Sixty years after the creation of the Logan Martin Dam, residents near an Alabama mountain less than an hour away from what remains of Easonville faced the same threat in the name of progress. Except this time, the residents won.
In April 2023, Alabama Power announced plans for a new hydropower project that, like Easonville, promised to be a green energy source. But also like Easonville, the Chandler Mountain Project — named after the area it would be built over — would displace residents off their land in St. Clair and Etowah counties.
“We were losing homes, we were losing farmland, we were losing crops, animals,” Memory Gleason, of Steele, Alabama, said. “Some people have chicken farms and they would have lost their livelihood. We’d have lost everything.”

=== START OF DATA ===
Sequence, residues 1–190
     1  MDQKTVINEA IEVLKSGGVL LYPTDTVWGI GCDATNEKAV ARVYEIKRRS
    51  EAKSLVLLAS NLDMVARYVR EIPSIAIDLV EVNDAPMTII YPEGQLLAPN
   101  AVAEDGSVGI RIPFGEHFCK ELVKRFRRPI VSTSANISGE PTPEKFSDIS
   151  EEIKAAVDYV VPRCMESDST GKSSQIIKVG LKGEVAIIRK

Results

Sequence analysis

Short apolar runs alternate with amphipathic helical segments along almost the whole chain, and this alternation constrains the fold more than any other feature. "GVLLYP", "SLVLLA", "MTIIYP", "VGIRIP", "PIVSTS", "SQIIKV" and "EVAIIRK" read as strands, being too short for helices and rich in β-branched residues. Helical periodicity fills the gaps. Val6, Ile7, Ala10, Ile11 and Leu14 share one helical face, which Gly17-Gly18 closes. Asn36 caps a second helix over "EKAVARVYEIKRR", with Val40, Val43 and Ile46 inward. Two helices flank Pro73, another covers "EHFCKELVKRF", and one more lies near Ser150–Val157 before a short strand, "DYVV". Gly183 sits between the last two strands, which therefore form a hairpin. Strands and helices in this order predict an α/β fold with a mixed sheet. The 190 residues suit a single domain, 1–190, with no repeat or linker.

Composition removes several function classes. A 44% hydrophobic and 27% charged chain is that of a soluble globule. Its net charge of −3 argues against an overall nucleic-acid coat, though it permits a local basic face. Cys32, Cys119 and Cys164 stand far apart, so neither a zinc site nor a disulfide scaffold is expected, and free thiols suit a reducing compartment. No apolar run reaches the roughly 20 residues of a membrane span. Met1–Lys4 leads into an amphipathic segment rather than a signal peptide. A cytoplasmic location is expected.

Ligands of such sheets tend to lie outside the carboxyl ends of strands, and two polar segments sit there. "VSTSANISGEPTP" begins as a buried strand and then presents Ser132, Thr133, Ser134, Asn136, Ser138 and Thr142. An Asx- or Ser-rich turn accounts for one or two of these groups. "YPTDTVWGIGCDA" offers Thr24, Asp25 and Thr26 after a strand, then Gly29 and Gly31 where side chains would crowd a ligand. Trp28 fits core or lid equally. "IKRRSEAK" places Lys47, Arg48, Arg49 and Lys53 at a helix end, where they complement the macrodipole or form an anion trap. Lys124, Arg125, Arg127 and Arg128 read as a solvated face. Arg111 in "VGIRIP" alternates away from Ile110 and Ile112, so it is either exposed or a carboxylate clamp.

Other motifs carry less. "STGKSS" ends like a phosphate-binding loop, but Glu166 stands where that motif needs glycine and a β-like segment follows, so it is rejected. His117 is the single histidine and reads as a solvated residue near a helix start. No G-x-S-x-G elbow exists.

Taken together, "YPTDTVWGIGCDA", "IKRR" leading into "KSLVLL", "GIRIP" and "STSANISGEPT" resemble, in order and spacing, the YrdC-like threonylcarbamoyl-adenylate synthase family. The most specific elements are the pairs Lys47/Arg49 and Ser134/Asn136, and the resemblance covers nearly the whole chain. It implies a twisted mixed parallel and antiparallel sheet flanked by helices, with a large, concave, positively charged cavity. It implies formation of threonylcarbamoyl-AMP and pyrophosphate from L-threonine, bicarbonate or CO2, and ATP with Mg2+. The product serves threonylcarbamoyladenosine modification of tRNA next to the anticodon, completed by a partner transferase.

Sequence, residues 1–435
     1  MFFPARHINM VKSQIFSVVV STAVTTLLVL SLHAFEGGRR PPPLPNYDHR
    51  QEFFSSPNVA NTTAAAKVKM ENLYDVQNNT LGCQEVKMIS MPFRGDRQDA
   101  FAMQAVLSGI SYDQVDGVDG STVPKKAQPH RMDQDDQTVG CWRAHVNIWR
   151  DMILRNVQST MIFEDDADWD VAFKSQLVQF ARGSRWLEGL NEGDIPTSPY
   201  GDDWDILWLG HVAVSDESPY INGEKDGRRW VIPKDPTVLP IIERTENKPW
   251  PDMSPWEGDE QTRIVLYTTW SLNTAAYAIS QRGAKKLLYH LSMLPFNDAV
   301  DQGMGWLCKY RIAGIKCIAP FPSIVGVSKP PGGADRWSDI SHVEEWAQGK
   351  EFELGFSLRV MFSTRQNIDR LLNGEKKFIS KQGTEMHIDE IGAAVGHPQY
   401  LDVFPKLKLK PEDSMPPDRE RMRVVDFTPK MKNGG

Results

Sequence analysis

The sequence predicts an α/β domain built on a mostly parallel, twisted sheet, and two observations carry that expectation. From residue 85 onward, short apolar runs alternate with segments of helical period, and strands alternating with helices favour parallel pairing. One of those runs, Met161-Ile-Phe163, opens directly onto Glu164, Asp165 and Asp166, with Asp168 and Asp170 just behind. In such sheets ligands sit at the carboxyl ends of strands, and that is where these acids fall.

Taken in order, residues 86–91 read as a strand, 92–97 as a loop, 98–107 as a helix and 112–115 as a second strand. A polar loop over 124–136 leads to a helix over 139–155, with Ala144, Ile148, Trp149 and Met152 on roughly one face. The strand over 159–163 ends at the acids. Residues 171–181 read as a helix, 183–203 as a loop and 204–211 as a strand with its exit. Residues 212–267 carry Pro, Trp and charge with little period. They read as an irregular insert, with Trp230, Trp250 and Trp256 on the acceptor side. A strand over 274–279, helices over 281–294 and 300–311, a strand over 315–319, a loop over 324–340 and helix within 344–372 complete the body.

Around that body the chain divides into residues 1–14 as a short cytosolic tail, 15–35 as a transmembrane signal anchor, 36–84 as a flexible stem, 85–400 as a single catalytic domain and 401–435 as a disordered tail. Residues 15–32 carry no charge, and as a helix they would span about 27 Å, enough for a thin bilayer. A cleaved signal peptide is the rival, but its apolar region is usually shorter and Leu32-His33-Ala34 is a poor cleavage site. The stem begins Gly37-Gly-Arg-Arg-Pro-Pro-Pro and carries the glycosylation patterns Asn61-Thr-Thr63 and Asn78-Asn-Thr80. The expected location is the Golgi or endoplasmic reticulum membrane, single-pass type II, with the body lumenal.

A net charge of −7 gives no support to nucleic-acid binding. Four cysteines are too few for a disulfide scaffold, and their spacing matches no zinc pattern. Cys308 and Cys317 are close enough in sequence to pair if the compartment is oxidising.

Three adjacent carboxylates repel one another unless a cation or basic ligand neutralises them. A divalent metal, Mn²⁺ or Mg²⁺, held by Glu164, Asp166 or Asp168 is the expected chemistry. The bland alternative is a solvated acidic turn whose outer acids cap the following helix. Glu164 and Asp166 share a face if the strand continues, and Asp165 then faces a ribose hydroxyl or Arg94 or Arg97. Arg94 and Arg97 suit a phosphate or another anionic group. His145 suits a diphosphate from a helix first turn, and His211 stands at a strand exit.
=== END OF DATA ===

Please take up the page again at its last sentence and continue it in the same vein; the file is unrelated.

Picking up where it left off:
When the dam that drowned Easonville was built, there were very few environmental laws on the books that would have given ordinary people the opportunity to weigh in on a project like the Chandler Mountain Project.
But in 1970, The National Environmental Policy Act (NEPA) was passed, requiring federal agencies to consider the environmental, economic and social impacts of their proposed actions. The act also made it a requirement to give the public a chance to review and comment on any proposal.
Chandler Mountain residents, like Mark Smith, used NEPA to their advantage to voice their disapproval of the project. Residents were almost immediately concerned about the impact the project would have on endangered species, damage to the mountain and the drowning of important cultural heritage sites.
They made the fight official by forming Save Chandler Mountain, a citizen group, as a way to organize against the project.